An uncultural eye on controversy

The Church in Ancient Society
December 13, 2002

This long-awaited book by Henry Chadwick, who is perhaps the best-known English-speaking student of early Christianity, is the latest in the series The Oxford History of the Christian Church, which has included, inter alia , several volumes on the history of the papacy and specialised studies of German and Scandinavian Protestantism and of the church in 18th-century France.

The scope of a work covering the first six centuries of the history of Christianity is rather broader, and the opportunities for detailed historical analysis or interpretation necessarily more limited. If I had to make one criticism of this volume, it would be that it should have been reconceived as two or perhaps three chronologically divided works, or even as a series of thematically focused studies. This would have provided a more focused and critical account, incorporating many of the discussions of sources and historical problems that are necessary for a proper understanding of the period. "The early development of Christian theology" and "The social and cultural position of Christianity in the Graeco-Roman world" are, though inevitably intertwined, still to some degree separable (and are distinct academic specialisms): it would have been perfectly valid to split them as contributions to a series such as this one.

As it is, what Chadwick offers is a series of penetrating essays on almost every major figure (and some more minor ones) of the early or patristic period of the church's history, and on themes such as doctrinal controversy, worship, monasticism and spirituality and anti-pagan apologetic. There are more than 60 chapters, several of them very short, and inevitably some of the observations on particular topics could have been consolidated to greater effect. Two-thirds of the book is devoted to the second half of the period, from the rise of the first Christian Roman emperor, Constantine (306-37), to the time of Gregory the Great. This reflects accurately the availability of much fuller sources that make a narrative history of doctrinal controversies and of the regional centres of early Christianity possible for the later half of the patristic period.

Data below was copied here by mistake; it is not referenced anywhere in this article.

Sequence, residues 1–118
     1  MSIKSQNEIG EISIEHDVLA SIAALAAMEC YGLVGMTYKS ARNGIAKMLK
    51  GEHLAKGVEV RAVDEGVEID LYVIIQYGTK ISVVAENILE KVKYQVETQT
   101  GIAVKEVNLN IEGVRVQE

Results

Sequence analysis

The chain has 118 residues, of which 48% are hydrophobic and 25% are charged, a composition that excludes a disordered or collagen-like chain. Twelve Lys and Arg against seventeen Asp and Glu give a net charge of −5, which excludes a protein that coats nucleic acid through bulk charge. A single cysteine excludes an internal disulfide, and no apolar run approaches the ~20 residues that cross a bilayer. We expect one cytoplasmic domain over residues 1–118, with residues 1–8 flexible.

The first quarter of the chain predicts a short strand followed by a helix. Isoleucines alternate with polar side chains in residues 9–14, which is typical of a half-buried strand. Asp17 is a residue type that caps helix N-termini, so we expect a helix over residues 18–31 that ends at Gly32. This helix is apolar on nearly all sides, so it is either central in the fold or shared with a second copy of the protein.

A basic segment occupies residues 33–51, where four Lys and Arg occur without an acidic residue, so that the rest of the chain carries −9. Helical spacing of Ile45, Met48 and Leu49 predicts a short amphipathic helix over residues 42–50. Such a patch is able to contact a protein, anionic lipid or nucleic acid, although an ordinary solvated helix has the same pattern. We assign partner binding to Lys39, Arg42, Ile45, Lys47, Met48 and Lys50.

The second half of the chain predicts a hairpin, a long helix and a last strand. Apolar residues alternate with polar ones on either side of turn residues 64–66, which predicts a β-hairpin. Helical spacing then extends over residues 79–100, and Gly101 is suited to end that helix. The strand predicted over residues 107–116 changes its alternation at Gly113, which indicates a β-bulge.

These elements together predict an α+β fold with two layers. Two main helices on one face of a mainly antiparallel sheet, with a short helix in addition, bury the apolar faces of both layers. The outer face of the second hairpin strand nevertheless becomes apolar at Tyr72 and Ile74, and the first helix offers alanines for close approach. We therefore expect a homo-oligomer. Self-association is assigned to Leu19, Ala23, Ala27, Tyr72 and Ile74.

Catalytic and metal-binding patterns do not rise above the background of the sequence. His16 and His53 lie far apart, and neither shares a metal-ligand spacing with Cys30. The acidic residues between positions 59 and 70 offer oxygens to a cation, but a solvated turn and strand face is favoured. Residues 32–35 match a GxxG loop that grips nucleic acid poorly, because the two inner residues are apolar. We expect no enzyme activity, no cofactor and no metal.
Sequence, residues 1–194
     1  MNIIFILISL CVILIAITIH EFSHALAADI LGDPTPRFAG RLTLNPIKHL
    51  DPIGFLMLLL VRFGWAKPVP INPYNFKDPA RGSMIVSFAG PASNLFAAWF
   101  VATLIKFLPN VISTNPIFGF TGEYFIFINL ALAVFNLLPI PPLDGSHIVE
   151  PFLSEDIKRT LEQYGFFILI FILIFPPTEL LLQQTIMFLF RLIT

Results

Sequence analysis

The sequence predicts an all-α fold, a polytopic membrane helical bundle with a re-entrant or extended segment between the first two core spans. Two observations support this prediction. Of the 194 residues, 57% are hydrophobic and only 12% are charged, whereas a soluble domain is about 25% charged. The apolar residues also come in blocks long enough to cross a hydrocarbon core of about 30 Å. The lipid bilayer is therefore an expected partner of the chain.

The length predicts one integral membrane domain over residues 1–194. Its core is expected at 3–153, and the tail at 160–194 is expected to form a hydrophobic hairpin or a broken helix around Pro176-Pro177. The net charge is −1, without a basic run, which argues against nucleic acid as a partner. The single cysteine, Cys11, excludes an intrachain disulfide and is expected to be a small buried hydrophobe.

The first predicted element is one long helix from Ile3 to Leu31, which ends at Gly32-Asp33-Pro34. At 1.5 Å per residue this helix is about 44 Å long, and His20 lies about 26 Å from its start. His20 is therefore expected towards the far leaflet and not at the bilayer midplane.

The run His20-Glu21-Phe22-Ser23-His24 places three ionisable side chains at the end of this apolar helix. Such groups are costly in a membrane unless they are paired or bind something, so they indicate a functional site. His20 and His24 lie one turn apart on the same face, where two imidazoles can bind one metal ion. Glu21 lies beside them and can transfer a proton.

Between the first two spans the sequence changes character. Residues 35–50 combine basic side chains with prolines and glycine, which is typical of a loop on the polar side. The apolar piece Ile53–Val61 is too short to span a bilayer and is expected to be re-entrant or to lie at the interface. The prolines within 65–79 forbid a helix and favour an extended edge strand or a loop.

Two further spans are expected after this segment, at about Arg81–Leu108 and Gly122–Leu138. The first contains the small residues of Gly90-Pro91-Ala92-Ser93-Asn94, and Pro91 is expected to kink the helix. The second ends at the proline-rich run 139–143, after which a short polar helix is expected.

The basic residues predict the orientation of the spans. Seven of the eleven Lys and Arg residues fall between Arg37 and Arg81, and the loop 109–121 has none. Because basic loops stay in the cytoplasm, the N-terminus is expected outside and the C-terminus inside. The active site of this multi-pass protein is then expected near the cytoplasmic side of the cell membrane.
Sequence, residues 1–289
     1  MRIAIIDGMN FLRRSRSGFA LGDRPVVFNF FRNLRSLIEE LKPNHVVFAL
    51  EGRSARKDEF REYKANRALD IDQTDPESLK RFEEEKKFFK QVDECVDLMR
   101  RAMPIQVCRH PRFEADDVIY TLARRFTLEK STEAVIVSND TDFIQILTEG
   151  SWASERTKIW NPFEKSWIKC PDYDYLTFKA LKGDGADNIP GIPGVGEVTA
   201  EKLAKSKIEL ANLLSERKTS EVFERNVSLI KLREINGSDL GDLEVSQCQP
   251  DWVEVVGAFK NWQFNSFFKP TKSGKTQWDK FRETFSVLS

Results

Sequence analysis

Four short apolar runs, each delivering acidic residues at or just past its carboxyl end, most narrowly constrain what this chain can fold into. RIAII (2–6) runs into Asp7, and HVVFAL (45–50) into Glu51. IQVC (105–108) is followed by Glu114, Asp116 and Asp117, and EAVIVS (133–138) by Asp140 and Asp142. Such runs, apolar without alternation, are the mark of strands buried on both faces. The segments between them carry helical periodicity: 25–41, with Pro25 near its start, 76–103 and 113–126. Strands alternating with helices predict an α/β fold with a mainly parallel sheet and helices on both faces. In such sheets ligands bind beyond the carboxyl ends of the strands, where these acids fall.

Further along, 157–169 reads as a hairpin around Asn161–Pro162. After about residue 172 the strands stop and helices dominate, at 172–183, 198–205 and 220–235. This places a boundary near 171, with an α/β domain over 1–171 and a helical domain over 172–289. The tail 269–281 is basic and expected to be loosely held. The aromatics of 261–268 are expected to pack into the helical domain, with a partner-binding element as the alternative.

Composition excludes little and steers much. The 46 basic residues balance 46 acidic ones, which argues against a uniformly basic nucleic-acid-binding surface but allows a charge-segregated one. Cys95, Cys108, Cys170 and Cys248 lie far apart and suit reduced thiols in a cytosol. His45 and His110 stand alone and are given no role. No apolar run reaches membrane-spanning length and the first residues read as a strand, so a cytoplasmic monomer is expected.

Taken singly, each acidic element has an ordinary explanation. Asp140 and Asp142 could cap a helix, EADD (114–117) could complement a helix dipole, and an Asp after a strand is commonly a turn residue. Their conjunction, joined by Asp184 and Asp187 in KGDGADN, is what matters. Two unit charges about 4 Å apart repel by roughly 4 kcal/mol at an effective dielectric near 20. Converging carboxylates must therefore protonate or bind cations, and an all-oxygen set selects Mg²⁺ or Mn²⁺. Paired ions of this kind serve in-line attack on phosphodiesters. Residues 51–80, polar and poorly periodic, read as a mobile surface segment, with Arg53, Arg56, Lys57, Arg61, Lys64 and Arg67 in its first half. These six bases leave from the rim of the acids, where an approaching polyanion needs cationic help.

The narrative core of the book is made up of a series of chapters on the Arian controversy of the 4th century (over the doctrine of the Trinity) and the Christological controversy of the 5th century (over the doctrine of the incarnation or the nature of Christ's humanity). The continual reappraisal of the events and personalities of the Arian controversy that has been such a feature of patristic scholarship over past century is reflected in Chadwick's nuanced account, well supported by reference to original sources. This ably combines examination of the beliefs of the main theologians of the 4th century with a focus on the political realities, conciliar decrees and developing system of canon law and church government that so often constrained their actions. Anyone who still needs convincing that the Christian church in the later Roman empire was a complex organisation, whose creeds and doctrines emerged through a long and often painful process of compromise and change within its structures (and not as a result of academic debate between intellectuals), should gain a lot from Chadwick's account.

The "ancient society" of the title is somewhat misleading. The Roman empire is taken for granted as the background to the early history of Christianity, once it had emerged from its Galilean Jewish homeland (though Chadwick does not neglect the exclusively Jewish period of Christian history, with seven chapters on the New Testament and its immediate context). But there is little of the "cultural" treatment of early Christianity - whether the impact of Christian beliefs on Roman society or the way in which Christianity was shaped in turn by dominant cultural trends, which is a feature of the work of modern scholars such as Peter Brown and Averil Cameron. Chadwick, then, serves as a "Christian" companion to works of secular critical and narrative history of the late Roman world, of which there are numerous recent examples at academic monograph and textbook level.

For teachers of theology, The Church in Ancient Society will be a valuable resource. Perhaps it may attain a more general readership as well, though the problem of scope may perhaps impede its gaining a wide audience among professional historians interested in how their colleagues who study the early church pursue their craft.

Graham Gould is editor, Journal of Theological Studies .

The Church in Ancient Society: From Galilee to Gregory the Great

Author - Henry Chadwick
ISBN - 0 19 924695 5
Publisher - Oxford University Press
Price - £80.00
Pages - 730

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